On our first proper day behind the wheel of the Porsche 718 Boxster GTS – I say proper because the previous day was spent covering 550 kms on the motorway from the South of France to Costa Brava, and in my opinion the best part of a road trip doesn’t begin before you exit the motorway – we decided to journey to the coast and the Cap de Creus peninsula for a lovely lunch on the beach. I had driven to the Cap de Creus lighthouse on a previous road trip, so this time we picked the white-washed village of Cadaqués as our destination, a famous picture postcard location and arguably one of the most beautiful coastal towns in the region.
What I love about Spain are the open landscapes with olive groves stretching to the far distance, and the wide sweeping roads that are covered with tarmac most countries could only dream of – some of them with absolutely fabulous views as you can see from the photos. It is truly one of the best countries in Europe for road tripping, and I love the fact that you can wake up on the French Riviera in the morning and be in Spain in time for a lovely evening meal.
On this day our drive from the Hotel Peralada Wine Spa & Golf began on open country roads with views over olive groves on plateaus of red grass (weeds or wild flower?) – it was quite a spectacular sight. As we arrived closer to the sea we were crossing green hills covered with what seemed to be perfectly landscaped rows of bushes and trees – it is hard to know if man had any involvement, or if nature can create something so stunning without any help, but judging from the way everything looked like it was planted in perfect harmony I would assume that someone local must make sure it looks that amazing. The Porsche 718 Boxster GTS is a great car for these type of roads – it’s fast and nimble, and being able to have the roof down just means you can enjoy a panoramic view of the gorgeousness around you. I do find with the Boxster that whilst it is enjoyable to know you have the performance to pull away quickly in traffic and overtake easily – and when you get to the mountain passes it feels in its element – most of the time it actually is more about the open-air driving experience rather than the spirited driving. It is very capable but equally important is the fact that it’s relaxing to spend time in.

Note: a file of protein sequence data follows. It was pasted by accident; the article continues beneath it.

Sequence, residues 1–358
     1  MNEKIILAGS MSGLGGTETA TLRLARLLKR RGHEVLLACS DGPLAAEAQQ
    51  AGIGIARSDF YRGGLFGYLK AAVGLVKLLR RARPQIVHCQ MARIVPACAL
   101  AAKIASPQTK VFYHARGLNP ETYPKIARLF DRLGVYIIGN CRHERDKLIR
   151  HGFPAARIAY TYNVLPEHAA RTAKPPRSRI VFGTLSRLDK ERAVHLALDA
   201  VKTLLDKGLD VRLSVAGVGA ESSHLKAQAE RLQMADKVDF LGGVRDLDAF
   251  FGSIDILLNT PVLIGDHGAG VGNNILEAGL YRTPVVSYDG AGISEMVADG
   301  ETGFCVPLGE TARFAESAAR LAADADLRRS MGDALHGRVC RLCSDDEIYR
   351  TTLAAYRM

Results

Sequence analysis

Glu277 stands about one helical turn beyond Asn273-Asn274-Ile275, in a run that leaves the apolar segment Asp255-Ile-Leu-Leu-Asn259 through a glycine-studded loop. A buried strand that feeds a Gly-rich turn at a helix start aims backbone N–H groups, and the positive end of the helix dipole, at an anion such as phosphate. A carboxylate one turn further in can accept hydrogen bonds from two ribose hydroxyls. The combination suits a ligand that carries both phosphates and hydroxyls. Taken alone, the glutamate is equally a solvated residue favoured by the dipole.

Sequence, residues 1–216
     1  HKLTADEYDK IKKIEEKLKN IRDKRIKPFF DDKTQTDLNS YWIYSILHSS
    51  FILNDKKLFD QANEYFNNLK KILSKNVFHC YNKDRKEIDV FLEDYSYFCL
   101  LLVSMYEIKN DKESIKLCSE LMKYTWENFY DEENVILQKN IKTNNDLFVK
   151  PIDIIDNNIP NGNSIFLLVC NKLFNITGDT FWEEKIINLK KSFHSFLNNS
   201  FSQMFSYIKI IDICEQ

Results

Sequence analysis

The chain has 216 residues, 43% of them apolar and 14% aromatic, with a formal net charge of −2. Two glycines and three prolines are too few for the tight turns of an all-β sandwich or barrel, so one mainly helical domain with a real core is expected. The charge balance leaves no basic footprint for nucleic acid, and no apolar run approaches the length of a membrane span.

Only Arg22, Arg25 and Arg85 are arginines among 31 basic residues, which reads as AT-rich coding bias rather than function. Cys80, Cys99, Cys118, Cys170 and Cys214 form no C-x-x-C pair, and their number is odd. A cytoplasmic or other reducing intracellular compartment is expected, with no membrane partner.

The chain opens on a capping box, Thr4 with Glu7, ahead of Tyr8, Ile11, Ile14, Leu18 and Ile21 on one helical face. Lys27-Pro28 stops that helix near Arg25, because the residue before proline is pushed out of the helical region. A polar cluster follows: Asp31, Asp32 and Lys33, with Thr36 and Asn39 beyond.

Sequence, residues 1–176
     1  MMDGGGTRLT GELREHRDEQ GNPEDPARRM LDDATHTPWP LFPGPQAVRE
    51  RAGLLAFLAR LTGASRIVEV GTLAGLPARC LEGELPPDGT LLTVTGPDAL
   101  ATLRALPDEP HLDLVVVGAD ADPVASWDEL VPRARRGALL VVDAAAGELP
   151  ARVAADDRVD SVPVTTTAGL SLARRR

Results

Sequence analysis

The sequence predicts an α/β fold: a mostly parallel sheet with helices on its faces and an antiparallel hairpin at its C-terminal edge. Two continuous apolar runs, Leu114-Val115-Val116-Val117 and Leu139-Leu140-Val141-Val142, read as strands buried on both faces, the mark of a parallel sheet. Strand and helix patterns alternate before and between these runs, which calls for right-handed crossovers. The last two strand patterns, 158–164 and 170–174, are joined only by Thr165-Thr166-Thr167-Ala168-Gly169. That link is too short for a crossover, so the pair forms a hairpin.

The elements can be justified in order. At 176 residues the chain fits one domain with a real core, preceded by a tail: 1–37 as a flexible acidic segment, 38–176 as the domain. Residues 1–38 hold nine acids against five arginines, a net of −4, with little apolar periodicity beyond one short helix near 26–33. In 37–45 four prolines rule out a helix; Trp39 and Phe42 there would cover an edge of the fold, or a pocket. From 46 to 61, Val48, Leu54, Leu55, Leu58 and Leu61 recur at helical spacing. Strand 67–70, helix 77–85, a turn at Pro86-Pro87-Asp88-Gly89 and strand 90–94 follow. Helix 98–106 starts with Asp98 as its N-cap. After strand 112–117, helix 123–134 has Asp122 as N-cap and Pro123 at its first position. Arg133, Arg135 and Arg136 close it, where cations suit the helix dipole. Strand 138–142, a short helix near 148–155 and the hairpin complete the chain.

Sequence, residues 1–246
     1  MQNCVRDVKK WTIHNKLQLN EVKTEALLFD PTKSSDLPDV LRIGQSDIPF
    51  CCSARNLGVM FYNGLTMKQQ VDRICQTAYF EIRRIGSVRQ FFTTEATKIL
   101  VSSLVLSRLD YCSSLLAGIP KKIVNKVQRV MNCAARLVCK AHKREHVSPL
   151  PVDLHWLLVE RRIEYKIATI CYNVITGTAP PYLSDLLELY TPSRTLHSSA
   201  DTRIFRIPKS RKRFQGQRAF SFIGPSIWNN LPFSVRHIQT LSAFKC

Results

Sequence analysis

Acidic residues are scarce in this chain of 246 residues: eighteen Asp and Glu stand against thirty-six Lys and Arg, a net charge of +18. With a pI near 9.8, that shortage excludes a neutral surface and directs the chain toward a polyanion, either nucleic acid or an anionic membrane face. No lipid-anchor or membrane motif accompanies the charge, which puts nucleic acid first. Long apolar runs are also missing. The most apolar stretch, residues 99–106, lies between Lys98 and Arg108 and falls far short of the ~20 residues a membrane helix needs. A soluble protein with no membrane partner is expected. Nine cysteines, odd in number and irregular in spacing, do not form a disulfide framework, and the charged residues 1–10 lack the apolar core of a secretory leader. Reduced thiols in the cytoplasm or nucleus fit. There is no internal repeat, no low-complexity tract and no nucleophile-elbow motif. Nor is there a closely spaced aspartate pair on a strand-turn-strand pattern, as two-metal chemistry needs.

As we were enjoying the smooth curves of the winding road that was leading us to the coast we first saw a glimpse of the deep blue sea behind a corner, and soon after the rooftops of beautiful white buildings appeared in the distance. As we drove through the quiet town to the beachfront it was easy to understand what all the hype is about – Cadaqués looked pretty unspoilt, it was traditional, and if it wasn’t for the modern traffic signs that look completely out of place here you could almost think you’ve travelled back in time. There was a period when about a third of the village inhabitants emigrated to Cuba, only to return to Cadaqués when they had made a lot of money abroad, allowing them to build fantastic ornate houses in Cadaqués – and the architecture is absolutely charming.
This white town has been visited by legends such as Pablo Picasso, and Walt Disney- Salvador Dalí made the neighbouring village Port Lligat his home. It seems like a very popular summer destination for those who want to escape the hectic city life of Barcelona, but in late March it was just what I pictured it would be: a sleepy fishing village where time appears to stand still. As we relaxed in the sunshine in Boia Bit bar on the beach, with the waves lapping at our feet and plates full of tasty local tapas in front of us, it was one of those moments when you wish you would have a little more time to take all that beauty in… the Catalans and Spaniards rarely seem to be in a rush, and perhaps we all have something to learn from them. Note to self – be more Spanish…